Test Progress - Part 6

Clock WatcherAn HCS12 micro+display was programmed to watch the pendulum, optically sensing the weight tray on the end of the pendulum rod.

The picture shows the optical sensor I cobbled together from the IR LED of a TV remote plus an optical transistor I had on hand. The IR reflects off the little weight tray on the bottom of the pendulum rod. The HCS12 times each swing (in microseconds) and averages the result. The time of day is displayed based on counting the swings. The number at lower right is the filtered and scaled rate error in sec/day.

This rate error is stored every 5 minutes in an array that can be listed to see the variation in rate during the day due to temperature and pressure changes. So far, the clock is less stable than I expected: the rate wanders by up to 2.5 seconds/day. I've only been monitoring for a short time so far and expect to learn more about what causes this variation. Another thing I found surprising is that when disturbed it takes over an hour for the pendulum rate to re-stabilize. A picture of the overall setup including the Radio Controlled Clock I use as my time standard. The portable PC is used for software development and to view the rate array but is not needed for simple monitoring of time and rate since they are visible on the LCD.

Here is an early screenshot of the rate array with hours in the left column, sec/day every 5 minutes in successive columns; at 10:30 I removed a small weight from the tray to increase the rate by approximately 1 sec/day; the screenshot was taken at 17:21. Note how the rate increases for 40 minutes, over-shooting to +0.95 and eventually stabilizes at +0.34 about 13:00, i.e. 2.5 hours to stabilize: graph of rate from 10am to 2pm. This with the tiny weight picked from the tray using a magnet so there was minimal disturbance to the pendulum. The overshoot was a major surprise to me, I expected an exponential decay rather than a damped sinusoid; I don't understand where the energy is stored to allow this overshoot... This overshoot may have been an anomaly, a subsequent weight change did not overshoot. The weight change from #5 to #4 took 40 minutes to stabilize, where the steep discontinuity is the point new data is being added to the ring buffer -- which always contains the last 24 hours of rate data taken every 5 minutes (round and round we go). Eventually I'll add a snapshot'er to the tick handler so a copy of the 24hr array is made at 2359 each day; then the discontinuity will occur at the end and not be so obvious.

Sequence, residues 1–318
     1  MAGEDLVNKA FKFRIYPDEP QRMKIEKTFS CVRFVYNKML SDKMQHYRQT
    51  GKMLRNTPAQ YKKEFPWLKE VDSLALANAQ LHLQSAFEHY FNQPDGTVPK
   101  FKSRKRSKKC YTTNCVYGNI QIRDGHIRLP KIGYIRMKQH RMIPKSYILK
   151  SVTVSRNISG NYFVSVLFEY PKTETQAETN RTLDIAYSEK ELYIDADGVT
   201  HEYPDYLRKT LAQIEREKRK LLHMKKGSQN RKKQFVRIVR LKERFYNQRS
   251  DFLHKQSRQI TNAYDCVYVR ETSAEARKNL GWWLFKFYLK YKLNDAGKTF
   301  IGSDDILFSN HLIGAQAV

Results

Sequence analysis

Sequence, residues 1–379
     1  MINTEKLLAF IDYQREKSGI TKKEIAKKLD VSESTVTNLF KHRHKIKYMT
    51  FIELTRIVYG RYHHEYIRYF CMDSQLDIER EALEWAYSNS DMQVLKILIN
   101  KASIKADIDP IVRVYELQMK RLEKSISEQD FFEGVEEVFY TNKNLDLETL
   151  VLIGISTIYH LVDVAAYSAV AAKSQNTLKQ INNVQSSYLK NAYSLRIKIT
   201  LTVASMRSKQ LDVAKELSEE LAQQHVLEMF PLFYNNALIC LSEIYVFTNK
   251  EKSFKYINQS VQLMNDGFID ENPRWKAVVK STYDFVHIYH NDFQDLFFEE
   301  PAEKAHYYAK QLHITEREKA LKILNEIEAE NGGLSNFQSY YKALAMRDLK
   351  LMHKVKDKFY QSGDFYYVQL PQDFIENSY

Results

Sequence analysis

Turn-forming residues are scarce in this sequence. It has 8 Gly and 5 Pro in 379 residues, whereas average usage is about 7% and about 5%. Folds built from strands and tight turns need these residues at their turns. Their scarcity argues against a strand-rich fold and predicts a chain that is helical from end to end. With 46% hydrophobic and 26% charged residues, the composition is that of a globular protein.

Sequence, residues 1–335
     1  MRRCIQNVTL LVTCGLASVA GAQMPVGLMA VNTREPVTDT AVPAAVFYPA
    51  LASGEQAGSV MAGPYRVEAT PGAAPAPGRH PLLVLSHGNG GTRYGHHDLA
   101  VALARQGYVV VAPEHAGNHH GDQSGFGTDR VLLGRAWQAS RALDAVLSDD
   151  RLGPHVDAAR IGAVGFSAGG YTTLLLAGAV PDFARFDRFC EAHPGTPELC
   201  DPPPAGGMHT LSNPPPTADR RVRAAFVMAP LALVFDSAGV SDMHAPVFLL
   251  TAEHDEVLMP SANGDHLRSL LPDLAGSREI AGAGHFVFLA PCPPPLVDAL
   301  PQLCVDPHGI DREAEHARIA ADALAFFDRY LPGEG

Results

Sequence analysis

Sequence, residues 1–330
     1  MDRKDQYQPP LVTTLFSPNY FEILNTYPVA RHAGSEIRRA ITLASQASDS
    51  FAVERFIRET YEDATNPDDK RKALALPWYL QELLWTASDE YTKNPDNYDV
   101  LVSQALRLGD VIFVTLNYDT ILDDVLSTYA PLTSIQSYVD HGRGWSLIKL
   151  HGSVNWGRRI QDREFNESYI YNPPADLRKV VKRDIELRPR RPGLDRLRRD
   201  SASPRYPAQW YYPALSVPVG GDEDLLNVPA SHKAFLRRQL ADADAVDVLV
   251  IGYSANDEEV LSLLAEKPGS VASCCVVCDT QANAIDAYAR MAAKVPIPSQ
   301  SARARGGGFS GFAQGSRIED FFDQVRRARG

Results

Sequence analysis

Here's a graph shot taken at noon (i.e. the discontinuity is in the center) where I didn't touch the clock or Watcher during the 24hrs shown. The average rate error was +0.58 sec/day and the std deviation was 0.24 sec. I may increase the weight slightly but I want the clock to gain time slowly because I intend to add a control that allows easily stopping the escapement advance temporarily. This should provide a quick and easy way of synchronizing to actual time from the radio clock. I haven't figured out a way of adjusting the time forward easily so the simple approach is to ensure it is gaining slightly. The rate variation shown in this chart is from temperature and pressure variations, noise in my measurements, drift in the computer's crystal, and random variation in the clock mechanism itself; I doubt I can improve on this by much so it is time to build a case for the clock :-)

It will be interesting to see how long it takes to stabilize after a serious disturbance to the pendulum - this may explain my lack of success in adjusting the pendulum via the rating nut where the pendulum was stopped and then restarted. I adjusted it once a day and the disturbance from restarting may have induced more change than the adjustment -- speculation so far, it will take some time to gather info to support this theory.

The HCS12 uses a multi-tasker with the tick handler task running in the background, easy to do in FORTH and it makes tweaking the print program easy because it can be replaced without disturbing the Watcher operation. The tick handler could use some revisions too so eventually I'll have to stop the Watcher and replace the firmware but I've learned a lot about my clock's characteristics already from the captured data. The crystal for the HCS12 has an apparent error of about 0.003% based on comparison with the radio sync'ed clock so the Watcher program now compensates for this.

For now, I calculate average rate error for the prior 24 hours and the Std. Deviation of the rate in this period; this is easy to write down and tells quite a bit about the clock's operation. I added a two line FORTH program to plot the last 2 hours of rate data in TTY mode to provide an instant overview of the recent data (easier than capturing the data and using a spreadsheet). It's been a while since I programmed in FORTH, I had forgotten how much fun it is and how compact the programs are for this type of application.

The rate seemed less stable during times when I was in the shop. Apparently, I rest my feet on the lower shelf of my bench and may cause a little movement of the bench which is transmitted through the wall to the clock; I'll try to keep my feet off the shelf in the future. The door is adjacent to the clock so I try to remember to leave it open because it may affect the clock from the bump when it closes. Clearly, the setup is touchy when looking at rate changes on the order of a second per day.

The time displayed by the Watcher tracks the time shown by the clock hands, suggesting the escapement is not skipping or hanging -- both these faults have occurred in the past. I inked lines on the escape wheel and built the watcher optic so it mounts on the rear plate for monitoring of the escape wheel. I tried this and found far more "noise" on the measurements from inconsistencies in the inked stripes (of course) but also because the gears don't advance the escapement perfectly, i.e. each advance can vary by hundreds of microseconds. While I could cook up a more elegant noise filter, a trial of pendulum sensing showed the measurements to be far less noisy. Unless the Watcher time display vs clock hands doesn't track I'll continue using pendulum measurements.